3. Application of advanced computational capabilities to the Surveillance, Epidemiology and End Results (SEER) Program’s population-based cancer data.

Joint Design of Advanced Computing Solutions for Cancer (JDACS4C) pilot programs and the the Cancer Distributed Learning Environment (CANDLE).

Preclinical Pilot

Using machine learning, the preclinical pilot aims to aggregate, integrate, and analyze large, heterogenous data sets and utilize the results to build predictive models. These models are continually refined after validation with experimental data. When combined with the direct study of cells and animal models, the mathematical/statistical approaches can produce hybrid models that better approximate the biology of human cancer. Together they have the potential to improve risk identification, pre-clinical drug screening, and treatment selection.

Molecular Pilot

The goal of the molecular-level pilot is to (i) better understand the mechanisms and dynamics of RAS interaction with the plasma membrane and subsequent signal transmission through binding and activation of RAF kinase, and (ii) develop machine learning-powered multiscale computational tools that enable molecular dynamic simulation of realistic biological systems.

Mutant RAS proteins drive at least 30 percent of all human cancers and are implicated in the majority of pancreatic, lung, and colorectal cancers. In oncogenic RAS-driven cancers, signaling is constitutive and results in uncontrolled proliferation. The development and use of emerging high-resolution experimental approaches, predictive models, machine or deep learning, and new, more finely-delineated simulations can deepen our understanding of RAS/RAF/membrane biology and reveal unrealized therapeutic opportunities.

Population (SEER) Pilot

The NCI’s SEER Program collects and publishes cancer incidence and survival data from population-based cancer registries covering approximately 34 percent of the U.S. population. Leveraging the capabilities of high-performance computing will lead to a more advanced population-based cancer surveillance program and develop a framework for modeling and simulation from individual patient to population level.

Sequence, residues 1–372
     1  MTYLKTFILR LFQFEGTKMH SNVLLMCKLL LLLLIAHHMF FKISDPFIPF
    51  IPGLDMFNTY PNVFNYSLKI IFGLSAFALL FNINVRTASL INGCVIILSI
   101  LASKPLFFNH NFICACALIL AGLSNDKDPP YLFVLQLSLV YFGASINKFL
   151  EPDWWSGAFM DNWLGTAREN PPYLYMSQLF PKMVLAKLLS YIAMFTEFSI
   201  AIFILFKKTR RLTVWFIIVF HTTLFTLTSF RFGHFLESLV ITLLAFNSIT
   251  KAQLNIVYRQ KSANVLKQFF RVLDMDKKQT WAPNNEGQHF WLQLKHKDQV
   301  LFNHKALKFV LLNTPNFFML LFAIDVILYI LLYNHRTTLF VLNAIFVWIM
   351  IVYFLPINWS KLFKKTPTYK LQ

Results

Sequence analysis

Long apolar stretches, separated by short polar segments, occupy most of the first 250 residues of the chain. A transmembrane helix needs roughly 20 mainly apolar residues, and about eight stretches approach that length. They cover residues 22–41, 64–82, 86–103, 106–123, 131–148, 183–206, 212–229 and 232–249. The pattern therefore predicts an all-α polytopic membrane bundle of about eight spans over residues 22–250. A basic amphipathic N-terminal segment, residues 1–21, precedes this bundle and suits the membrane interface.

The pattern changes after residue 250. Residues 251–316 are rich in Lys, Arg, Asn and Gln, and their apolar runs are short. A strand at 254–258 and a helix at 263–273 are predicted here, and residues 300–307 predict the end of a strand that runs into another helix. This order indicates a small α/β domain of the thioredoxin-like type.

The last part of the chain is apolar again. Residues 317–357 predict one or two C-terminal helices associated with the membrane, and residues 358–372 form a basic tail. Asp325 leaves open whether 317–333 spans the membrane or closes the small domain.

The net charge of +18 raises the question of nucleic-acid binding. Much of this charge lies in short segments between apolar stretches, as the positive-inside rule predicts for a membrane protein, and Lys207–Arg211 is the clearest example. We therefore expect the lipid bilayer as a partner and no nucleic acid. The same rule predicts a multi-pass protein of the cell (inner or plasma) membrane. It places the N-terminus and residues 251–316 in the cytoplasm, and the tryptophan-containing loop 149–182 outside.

The Cancer Distributed Learning Environment (CANDLE) is a widely-accessible open-source computer environment. The program encourages development of next-generation computer simulations that researchers can use to better understand biological processes in cancer and ultimately predict the drugs that would be most effective against specific cancers.

CANDLE is a deep-learning framework designed to detect complex patterns in large data sets that may be invisible to researchers. It supports deep learning needs for all JDACS4C pilots and is funded by the DOE. With its high-performance computing environment, the DOE scientific leads tackle pilot-specific deep learning challenges. The Frederick National Lab translates that computational environment to the broader cancer research community.

The JDACS4C collaboration continues to show how team science and multi-institution collaborations can benefit from high-performance computing and artificial intelligence, and bring new insights to cancer research. We are continually sharing advances from across the pilots with the community for application on new sets of problems and expansion of the effort’s impact.

The author presented this information during a minisymposium at the 2019 SIAM Conference on Computational Science and Engineering, which took place earlier this year in Spokane, Wash.

George Zaki is a bioinformatics manager with the Frederick National Laboratory for Cancer Research and part of the Biomedical Informatics and Data Science directorate. He works closely with the Joint Design of Advanced Computing Solutions for Cancer (JDACS4C) program to enable tools, pipelines, and machine learning algorithms for effective use in cancer research.